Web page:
When I was in third grade I learned about different cultures. I learned that the Japenese folded paper with printed patterns into little animals, and that they sat on the floor, shoes aside, when they ate together. This seemed profound to me.
When I was 14 I learned that I hated competition--even worse, the urgent pressure of it. I froze on soccer fields, after ten years of loving them, completely paralyzed by the voices calling to me. "Why don't you do anything?" coaches would ask. I didn't know.
When I was 17 I learned about coffee that tasted so good I didn't need to put milk and sugar in it. I learned that people lived in cities surrounded by mountains--this was casually their home, it was normal, but not taken for granted. What a beautiful, simple life I thought.
When I was 18 I learned about Chicago. It was underrated with its marvelous views, and sprawled with people who were shackled in poverty and circumstance. I learned about the art of improvisational comedy--an actual skill people pursue for a living. It was as beautiful as paintings and sculptures and great music, but with the added bonus of making you laugh until you threw your back out. I fell in love with the smells of the city and the possibility of change for those shackled people. I fell deeply in love with laughing that hard.
When I was 19 I learned how hard I could push my brain organizationally and stuffed the rest of my undergrad career into a year of donuts and reading and philosophy assignments. I learned that I was great at executing plans, but that if given future chances, I would probably not stuff anymore chapters of my life into bags. Even in the face of confusion, there was still plenty to fall in love with.
When I was 20 I learned about learning in a different sort of way and became a wife. When I was 20 I also learned about addiction and its presence in my family and the great oceans of influence it has on every single human alive on this planet. Influence that is forceful and knocks down towns and takes away lives and people's freedom to make their own choices. I continued to learn about addiction when I was 21 and 22 and 23. I will always learn about it. Today I learn about its fruit, and about the shadow of fear that bears no importance when there is grace and years to keep learning.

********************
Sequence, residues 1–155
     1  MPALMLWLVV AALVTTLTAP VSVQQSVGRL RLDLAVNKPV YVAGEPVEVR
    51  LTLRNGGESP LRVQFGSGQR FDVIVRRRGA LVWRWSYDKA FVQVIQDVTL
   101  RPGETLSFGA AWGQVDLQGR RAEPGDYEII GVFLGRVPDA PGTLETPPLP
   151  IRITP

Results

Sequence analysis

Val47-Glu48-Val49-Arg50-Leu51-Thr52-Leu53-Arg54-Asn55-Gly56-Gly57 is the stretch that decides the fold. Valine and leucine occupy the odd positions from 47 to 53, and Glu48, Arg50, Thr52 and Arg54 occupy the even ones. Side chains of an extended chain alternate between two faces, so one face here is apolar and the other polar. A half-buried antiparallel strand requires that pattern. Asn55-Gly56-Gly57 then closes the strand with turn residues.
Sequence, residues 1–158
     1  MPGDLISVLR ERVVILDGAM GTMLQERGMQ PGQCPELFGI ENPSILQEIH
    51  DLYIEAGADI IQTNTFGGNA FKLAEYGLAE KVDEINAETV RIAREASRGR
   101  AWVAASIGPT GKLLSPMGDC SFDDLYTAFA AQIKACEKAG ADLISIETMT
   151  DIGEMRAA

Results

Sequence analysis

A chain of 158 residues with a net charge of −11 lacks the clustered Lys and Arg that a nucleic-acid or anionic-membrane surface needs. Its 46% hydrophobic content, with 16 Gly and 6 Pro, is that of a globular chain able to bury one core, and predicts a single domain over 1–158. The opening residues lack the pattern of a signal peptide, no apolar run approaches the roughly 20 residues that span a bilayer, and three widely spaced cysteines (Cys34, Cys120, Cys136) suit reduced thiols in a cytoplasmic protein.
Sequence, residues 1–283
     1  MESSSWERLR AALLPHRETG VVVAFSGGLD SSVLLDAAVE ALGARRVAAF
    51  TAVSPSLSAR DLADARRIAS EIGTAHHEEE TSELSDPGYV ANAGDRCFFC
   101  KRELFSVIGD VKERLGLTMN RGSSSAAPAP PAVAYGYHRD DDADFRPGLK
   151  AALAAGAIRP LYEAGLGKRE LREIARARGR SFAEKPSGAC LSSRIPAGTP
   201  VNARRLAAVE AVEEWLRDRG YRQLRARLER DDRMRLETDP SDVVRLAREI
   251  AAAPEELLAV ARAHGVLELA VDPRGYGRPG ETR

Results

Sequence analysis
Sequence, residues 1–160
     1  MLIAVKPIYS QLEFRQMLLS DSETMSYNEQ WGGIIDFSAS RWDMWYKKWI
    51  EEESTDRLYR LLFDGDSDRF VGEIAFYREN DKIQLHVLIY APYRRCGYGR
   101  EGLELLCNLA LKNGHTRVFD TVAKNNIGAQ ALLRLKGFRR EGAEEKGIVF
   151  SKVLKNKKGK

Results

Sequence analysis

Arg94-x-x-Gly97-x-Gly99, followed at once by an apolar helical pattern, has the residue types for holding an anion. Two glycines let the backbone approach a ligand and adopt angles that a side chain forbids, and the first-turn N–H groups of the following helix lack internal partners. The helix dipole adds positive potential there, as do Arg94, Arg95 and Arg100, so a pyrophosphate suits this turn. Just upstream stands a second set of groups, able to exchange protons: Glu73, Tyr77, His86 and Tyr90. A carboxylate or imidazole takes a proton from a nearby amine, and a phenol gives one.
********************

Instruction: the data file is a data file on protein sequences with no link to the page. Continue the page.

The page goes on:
When I was 21 it was more common that it was us learning, not just my own self, which was beautiful and stunning even when very very hard. We learned about making money and spending most of it on rent and the rest of it however we wanted. We learned about flat tires and which of us gets more nervous about driving around with little gas and how quickly your christmas tree will die if you don't water it.
When I was 22 I learned about photoshop and crappy small business owners and how discontentment is an illness derived of poor self-care.
When I was 23 I learned that you might get rejected more times than you expected from schools that you equate with your dreams and you will still somehow be standing at the end of it. When I was 23 I learned how it would feel to lose a grandma and see a parent lose their parent and a husband lose their wife and yourself grasp for memories so to not lose them too.
The waves of this educational life seem to be getting louder and louder, and much more close together. Whether I am hiding out from the sun, or standing at the water's edge waiting for them to come, they find me, and they rise up, and they crash down. In my 24th year I have already begun learning about saving money, ending seasons, drifting out of friendships, and strengthening others. I don't even know what sort of Tsunami we're in for in the coming year, and I don't know if I'll write about it here. I might, but I might be lost at sea. Good or bad, I'm going to let myself experience instead of name it. I promised my mom I would.
I hope that when I'm 24 I'll learn how to move away from my family and have them fully convinced how much I love everything about them. I hope they will know that it is much harder for me to leave them than I am letting on but of course this is the only way I can do such a thing. I hope I will learn how to truly know my independent self and let myself off the hook for all the times it seems like I should be less homesick. I hope I will learn so much about supporting my greatest love in pursuing his dreams. I hope I will learn to be okay with telling people that while I have my own dreams, supporting him is one of my own dreams too. I hope I will learn to grow alongside friends who are doing their own growing, and that I will be generally less fearful--not out of knowledge but of faith. Finally, I hope to learn of many different views of the water and peaks in the state of California.